1970 Langhorne 150 (lost footage of USAC Championship Car Season race; 1970)

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1970langhorne1501.jpg

Program for the race.

Status: Lost

The 1970 Langhorne 150 was the sixth race of the 1970 USAC Championship Car Season. Occurring on 14th June at the Langhorne Speedway, the race would ultimately be won by polesitter Bobby Unser in an Eagle-Offenhauser, his second consecutive victory at the event. It also marked the final IndyCar race to be held at the circuit.

Background[edit | edit source]

The 1970 Langhorne 150 was the 15th running of the event, with the annual race typically lasting 150 miles.[1] The only 1970 USAC Championship Car Season race to occur at Langhorne Speedway,[2] this proved to be the event's final running, with a 1971 race being cancelled over safety concerns.[3] Following this, the track itself was converted into a shopping centre, with it being considered one of the fastest tracks, but also one of the most dangerous.[4][3]

Prior to the race, qualifying commenced with previous year's winner Bobby Unser winning the pole position with a speed of 129.463 mph.[1] Directly behind him was Gary Bettenhausen in a Gerhardt-Offenhauser, with Watson-Offenhauser driver Mike Mosley lining up third out of 23 competitors.[1]

The Race[edit | edit source]

With the starting order decided, the 1970 Langhorne 150 commenced on 14th June.[1] Unser maintained his lead from the start, holding onto it for the first 55 laps.[5][1] Meanwhile, Gerhardt-Offenhauser driver Sammy Sessions crashed out after ten laps,[1] slamming into a guardrail near the home stretch.[6] The impact was severe enough to rupture the right-hand fuel tank, resulting in a fireball.[6] Sessions' car ultimately grinded to a halt against the pit wall, with the driver being trapped in the car for five minutes as his right foot was stuck in the frame with rescuers needing to tackle the fire first.[6] Sessions, who was wearing a fire retardant driving suit, was hospitalised at the Lower Bucks County Hospital with burnt hands and feet, though was in "satisfactory condition" according to the hospital.[6]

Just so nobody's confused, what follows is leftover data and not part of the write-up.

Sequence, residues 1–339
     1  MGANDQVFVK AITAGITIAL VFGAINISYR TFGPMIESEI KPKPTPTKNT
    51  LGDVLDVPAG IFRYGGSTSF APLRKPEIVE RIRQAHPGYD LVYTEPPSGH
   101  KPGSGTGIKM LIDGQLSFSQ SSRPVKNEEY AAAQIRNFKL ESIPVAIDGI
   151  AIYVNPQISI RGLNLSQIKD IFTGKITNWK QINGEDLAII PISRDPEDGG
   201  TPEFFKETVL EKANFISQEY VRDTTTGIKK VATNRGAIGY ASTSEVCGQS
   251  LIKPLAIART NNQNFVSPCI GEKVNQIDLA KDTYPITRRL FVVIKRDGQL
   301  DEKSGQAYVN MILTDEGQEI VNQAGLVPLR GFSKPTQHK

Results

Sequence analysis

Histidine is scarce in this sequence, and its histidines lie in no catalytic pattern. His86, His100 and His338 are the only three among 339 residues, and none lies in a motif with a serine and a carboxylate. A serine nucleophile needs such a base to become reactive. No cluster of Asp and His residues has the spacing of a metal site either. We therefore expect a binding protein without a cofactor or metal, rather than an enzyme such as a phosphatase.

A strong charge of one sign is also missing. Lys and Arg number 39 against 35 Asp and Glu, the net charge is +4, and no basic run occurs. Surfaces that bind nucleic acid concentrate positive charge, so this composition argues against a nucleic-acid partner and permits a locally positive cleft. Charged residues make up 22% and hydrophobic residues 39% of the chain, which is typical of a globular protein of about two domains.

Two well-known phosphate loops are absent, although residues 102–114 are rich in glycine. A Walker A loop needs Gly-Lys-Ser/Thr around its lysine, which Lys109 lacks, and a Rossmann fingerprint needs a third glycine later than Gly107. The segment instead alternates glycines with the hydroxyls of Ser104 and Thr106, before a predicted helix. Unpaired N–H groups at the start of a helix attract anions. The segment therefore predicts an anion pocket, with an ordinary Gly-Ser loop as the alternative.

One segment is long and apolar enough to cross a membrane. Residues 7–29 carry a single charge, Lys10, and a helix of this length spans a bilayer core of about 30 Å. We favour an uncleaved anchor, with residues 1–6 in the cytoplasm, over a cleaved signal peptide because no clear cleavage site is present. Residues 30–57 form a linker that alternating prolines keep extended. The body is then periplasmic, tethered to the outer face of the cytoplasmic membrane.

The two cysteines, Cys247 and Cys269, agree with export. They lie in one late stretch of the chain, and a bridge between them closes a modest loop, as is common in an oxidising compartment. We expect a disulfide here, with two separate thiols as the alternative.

Meanwhile, Unser then faced competition from his younger brother, Al Unser, with him achieving an overtake on lap 56.[1][5] Al defended the lead for the longest uninterrupted duration of 86 laps, before Bobby eventually emerged back in the first position on lap 142.[1][5] A tense duel emerged for the final nine laps, but ultimately, Bobby beat his brother to the line to claim victory and $9,413 in prize money.[1][5] Mosley finished third, a lap down from the brothers.[5][1]

Availability[edit | edit source]

According to IndyCar on TV, the race would receive live coverage from the TVS Television Network.[7] But of twelve IndyCar races to have been televised by TVS, none are currently publicly available. Nevertheless, a few photos of the race remain viewable, including of Sessions' crash.

Gallery[edit | edit source]

Video[edit | edit source]

nascarman History's Top 10 Lost IndyCar Broadcasts detailing TVS Television Network's IndyCar broadcasts (0:20-0:59).


Images[edit | edit source]

See Also[edit | edit source]

References[edit | edit source]